• IoT Smart Devices Rushed to Market with Security Flaws: One of the primary concerns with smart devices is the rush to bring them to market, often resulting in inadequate security measures. These devices may contain vulnerabilities or zero-day exploits, making them susceptible to hacking and exploitation by cybercriminals.
  • Unsecure Home Wi-Fi Networks: Home Wi-Fi networks are often left unsecured or configured with default settings, leaving them vulnerable to unauthorised access. Hackers can exploit these weaknesses to gain access to sensitive data or launch attacks on connected devices.
  • Neglecting Personal Smartphones: Personal smartphones are abundant in households, yet many users neglect to update or secure them properly. Outdated operating systems and lax security settings create opportunities for hackers to gain unauthorised access to personal information or install malware.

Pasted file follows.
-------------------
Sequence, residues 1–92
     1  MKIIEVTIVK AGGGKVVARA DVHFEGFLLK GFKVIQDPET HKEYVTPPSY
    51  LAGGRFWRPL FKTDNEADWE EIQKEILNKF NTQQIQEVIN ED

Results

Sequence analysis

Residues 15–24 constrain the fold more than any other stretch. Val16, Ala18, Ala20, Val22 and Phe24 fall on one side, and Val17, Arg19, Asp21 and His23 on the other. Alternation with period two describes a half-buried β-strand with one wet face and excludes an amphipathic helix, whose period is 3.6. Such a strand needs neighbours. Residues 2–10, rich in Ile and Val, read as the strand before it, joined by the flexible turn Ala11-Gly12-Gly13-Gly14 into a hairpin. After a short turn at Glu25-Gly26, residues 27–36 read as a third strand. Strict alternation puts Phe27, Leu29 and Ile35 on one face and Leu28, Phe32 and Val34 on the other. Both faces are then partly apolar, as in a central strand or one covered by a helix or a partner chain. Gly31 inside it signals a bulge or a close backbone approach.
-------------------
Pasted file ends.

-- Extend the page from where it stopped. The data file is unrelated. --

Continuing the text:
• Overloading Smart Bulbs to Down Systems Smart bulbs, while convenient, can also be exploited by attackers to overload a system and cause disruptions. This type of attack, known as a Distributed Denial of Service (DDoS) attack, can render devices and networks inaccessible to legitimate users.

At Home: Smart Device Security Tips

To minimise the risks associated with smart devices at home, consider the following security measures:

  • Turn off Universal Plug & Play (UPnP): Disable UPnP to prevent unauthorised access to your network and to prevent smart devices from automatically connecting with other smart devices without permission.
  • Use Strong Passwords and Biometric Locks: Secure your devices with unique, hard-to-crack passwords or biometric authentication for added security.